I have suspected that modern quantum theory contains the seeds of a new theory of causality. I did a search on Google scholar looking for more papers. I thought this one, by mathematical physicist V.P. Belavkin, was interesting, and I offer the briefest of summaries below. As usual, I was limited in my ability to follow the formalism, and therefore will “bleg” anyone with expertise in this area to comment or offer references which help explain this in layman’s terms.
Belavkin says that “the latest developments in quantum probability, stochastics, and in quantum information theory” make it possible to bypass the paradoxes of the measurement problem in the traditional quantum theory. The original theory divides the world into an external observer and a closed quantum system to be observed, which results in the problem.
It goes something like this: Belavkin analyzes open quantum systems using a dynamical approach which gives the output statistics of continuous quantum measurements which result from the solution of a stochastic differential equation. He then applies a special filtering method or superselection rule – which he calls a causality principle – which imposes a past-future boundary. The past consists of classical particle trajectories, the future are the quantum probabilities compatible with these trajectories. The statistical results obtained are consistent with experiment, just as in the traditional formulation.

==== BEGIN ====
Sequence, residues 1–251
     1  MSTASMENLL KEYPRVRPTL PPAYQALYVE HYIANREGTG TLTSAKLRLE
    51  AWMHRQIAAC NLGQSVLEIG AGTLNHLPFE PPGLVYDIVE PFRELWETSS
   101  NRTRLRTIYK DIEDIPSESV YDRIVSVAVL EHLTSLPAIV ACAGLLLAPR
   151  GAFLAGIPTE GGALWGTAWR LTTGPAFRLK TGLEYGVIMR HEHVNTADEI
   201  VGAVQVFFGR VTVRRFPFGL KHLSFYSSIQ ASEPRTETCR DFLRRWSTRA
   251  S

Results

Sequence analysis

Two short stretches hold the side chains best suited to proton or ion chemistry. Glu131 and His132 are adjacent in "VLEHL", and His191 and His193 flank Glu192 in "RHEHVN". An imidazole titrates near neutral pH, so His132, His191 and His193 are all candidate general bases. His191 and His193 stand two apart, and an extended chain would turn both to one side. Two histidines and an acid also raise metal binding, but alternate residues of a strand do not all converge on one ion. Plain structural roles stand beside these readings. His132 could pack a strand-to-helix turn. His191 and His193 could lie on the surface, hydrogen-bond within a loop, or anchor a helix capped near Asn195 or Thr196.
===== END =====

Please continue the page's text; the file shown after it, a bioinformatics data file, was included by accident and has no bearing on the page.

Now it seems we haven’t gotten “something for nothing” here. In exchange for getting rid of the seemingly subjective observer problem in the original theory and making things more objective, he had to insert “by hand” a boundary defining the arrow of time. Still, it is appealing to think that time and causality are in an objective way intimately bound up with the transformation of quantum potentials into classical realities, as is the case with this proposal.